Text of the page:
The chances of a recession appear to be rising. Just a couple of months ago, economists surveyed by Bloomberg estimated a 30% probability that the U.S. would enter a recession within the next year. Last week, Bank of America predicted that a relatively mild U.S. recession will probably begin later this year.
This increasing gloom is almost certainly causing many investors to think about where to put their money if a recession is on the way. There are plenty of good alternatives. But these exchange-traded funds (ETFs) could be your best way to invest during a recession.
Look to Uncle Sam
What do investors want the most during a major economic downturn? A safe haven. It’s hard to find a better safe haven than U.S. Treasury bonds. When you buy these bonds, you’re lending money to the U.S. government. If the day ever comes when Uncle Sam can’t pay you back, the world is in big trouble.
Treasury bonds aren’t just good investments during a recession because they’re safe havens, though. In the midst of a recession, the Federal Reserve frequently buys U.S. Treasury bonds as part of a strategy to lower interest rates and spark an economic rebound. This buying causes the prices of the bonds to rise.
Investing in ETFs that own U.S. Treasury bonds gives you greater flexibility than buying the bonds themselves. Blackrock‘s iShares family of Treasury bonds, in particular, allows investors to focus on different maturity lengths for the government bonds.
The heaviest-traded of these ETFs is the iShares 20 Plus Year Treasury Bond ETF (TLT 0.56%). As its name indicates, this fund owns U.S. Treasury bonds with maturities of 20 or more years.
For investors who don’t want maturities quite that long, the iShares 10-20 Year Treasury Bond ETF (TLH 0.48%) is an alternative. Or you could go with shorter maturities with the iShares 7-10 Year Treasury Bond ETF (IEF 0.34%), the iShares 3-7 Year Treasury Bond ETF (IEI 0.18%), or the iShares 1-3 Year Treasury Bond ETF (SHY 0.07%).
Lessons from two recessions
There have only been two U.S. recessions since these iShares ETFs launched — the Great Recession of late 2007 through mid-2009 and the brief coronavirus-caused recession of 2020. However, we can learn some lessons from how the ETFs performed during those two recessions.
Let’s first look at the Great Recession, which was one of the most severe recessions in U.S. history. All of the iShares U.S. Treasury ETFs held up quite well during this difficult period while the S&P 500 crashed. (Note: The shaded period indicates when the U.S. economy was in recession.)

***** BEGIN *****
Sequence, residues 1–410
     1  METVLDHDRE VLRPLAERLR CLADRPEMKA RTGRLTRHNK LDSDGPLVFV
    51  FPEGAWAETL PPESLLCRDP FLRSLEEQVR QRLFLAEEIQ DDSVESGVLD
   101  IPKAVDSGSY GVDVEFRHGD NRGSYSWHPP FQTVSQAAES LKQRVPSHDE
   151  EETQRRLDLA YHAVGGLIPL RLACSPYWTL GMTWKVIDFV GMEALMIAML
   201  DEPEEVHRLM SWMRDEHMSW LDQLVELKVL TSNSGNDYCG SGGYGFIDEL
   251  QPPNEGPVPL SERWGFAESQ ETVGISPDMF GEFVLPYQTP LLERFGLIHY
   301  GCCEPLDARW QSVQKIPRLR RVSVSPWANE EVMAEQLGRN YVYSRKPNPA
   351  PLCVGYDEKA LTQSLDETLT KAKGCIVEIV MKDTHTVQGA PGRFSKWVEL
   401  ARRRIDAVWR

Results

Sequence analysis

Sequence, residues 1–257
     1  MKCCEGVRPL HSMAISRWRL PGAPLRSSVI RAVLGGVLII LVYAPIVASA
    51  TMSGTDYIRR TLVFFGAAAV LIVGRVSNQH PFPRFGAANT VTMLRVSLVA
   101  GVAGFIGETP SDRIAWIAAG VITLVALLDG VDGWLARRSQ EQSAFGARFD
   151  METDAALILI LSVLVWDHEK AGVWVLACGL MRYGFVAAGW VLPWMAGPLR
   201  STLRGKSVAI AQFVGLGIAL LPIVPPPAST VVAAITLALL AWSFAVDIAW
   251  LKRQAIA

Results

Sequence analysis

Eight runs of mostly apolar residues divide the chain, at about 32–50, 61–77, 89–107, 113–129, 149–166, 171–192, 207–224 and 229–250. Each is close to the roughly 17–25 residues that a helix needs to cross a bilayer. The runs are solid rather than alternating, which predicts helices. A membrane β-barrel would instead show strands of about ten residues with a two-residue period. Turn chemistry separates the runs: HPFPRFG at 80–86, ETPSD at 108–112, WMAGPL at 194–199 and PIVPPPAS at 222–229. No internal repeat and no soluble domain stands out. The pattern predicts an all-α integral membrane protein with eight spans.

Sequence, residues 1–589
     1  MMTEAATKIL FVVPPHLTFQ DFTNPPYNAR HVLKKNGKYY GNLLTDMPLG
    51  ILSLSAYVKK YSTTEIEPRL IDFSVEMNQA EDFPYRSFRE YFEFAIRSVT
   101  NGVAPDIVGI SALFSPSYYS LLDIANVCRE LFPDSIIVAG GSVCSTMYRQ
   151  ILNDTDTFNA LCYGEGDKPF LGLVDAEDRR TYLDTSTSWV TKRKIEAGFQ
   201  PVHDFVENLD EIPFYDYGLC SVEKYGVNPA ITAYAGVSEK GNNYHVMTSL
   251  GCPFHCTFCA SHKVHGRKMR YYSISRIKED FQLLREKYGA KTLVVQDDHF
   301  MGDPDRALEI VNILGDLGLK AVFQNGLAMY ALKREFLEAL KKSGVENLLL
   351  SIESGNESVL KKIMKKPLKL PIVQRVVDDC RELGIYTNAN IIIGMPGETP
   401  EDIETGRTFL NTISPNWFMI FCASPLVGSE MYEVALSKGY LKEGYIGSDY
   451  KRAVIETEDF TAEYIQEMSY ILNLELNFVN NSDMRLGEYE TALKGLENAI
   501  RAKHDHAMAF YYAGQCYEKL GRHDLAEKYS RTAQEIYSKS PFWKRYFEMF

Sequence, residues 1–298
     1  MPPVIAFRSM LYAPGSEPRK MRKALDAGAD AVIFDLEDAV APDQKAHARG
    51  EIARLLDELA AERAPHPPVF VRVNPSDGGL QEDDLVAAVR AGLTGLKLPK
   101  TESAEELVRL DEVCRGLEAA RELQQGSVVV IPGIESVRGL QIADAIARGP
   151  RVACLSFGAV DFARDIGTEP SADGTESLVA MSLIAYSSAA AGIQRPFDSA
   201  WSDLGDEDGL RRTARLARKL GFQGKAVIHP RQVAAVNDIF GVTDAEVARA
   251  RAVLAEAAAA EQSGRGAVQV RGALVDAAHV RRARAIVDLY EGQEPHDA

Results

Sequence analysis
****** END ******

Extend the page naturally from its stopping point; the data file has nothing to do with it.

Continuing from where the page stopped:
Note that the ETFs with the longest maturities went up the most as the S&P 500 approached its lowest point. However, by the end of the recession, the shorter-maturity iShares 3-7 Year Treasury Bond ETF was on top. Throughout the period, the iShares ETF with the shortest maturity was the least volatile.
Now, let’s fast-forward to the coronavirus recession of 2020. Again, all of the iShares U.S. Treasury ETFs trounced the S&P 500’s performance.
The iShares 1-3 Year Treasury Bond ETF was just as steady as it was during the Great Recession. However, this time the longer-maturity ETFs performed the best throughout most of the brief recession.
Expectations about interest rate fluctuations largely explain why these U.S. Treasury ETFs perform differently. When investors believe that interest rates will decline, the longer-term ETFs tend to rise more than shorter-term ETFs do.
Beyond the recession
These U.S. Treasury ETFs could handily beat most stocks if the U.S. economy indeed enters a recession later this year or in 2023. They truly could be your best way to invest during the period.
Keep in mind, though, that recessions usually don’t last all that long. The average U.S. recession since 1900 has lasted around 15 months. Milder recessions can be even shorter. Investors should, therefore, think about the longer term beyond the recession.
Five years after the end of the Great Recession, the S&P 500 was beating the performance of all of the iShares Treasury ETFs. It took less than eight months after the end of the 2020 recession for the S&P to blow past these ETFs. Treasury bond ETFs are great way to invest during a recession, but stocks are likely to give you better returns over the long run.
Bank of America is an advertising partner of The Ascent, a Motley Fool company. Keith Speights has positions in Bank of America. The Motley Fool has no position in any of the stocks mentioned. The Motley Fool has a disclosure policy.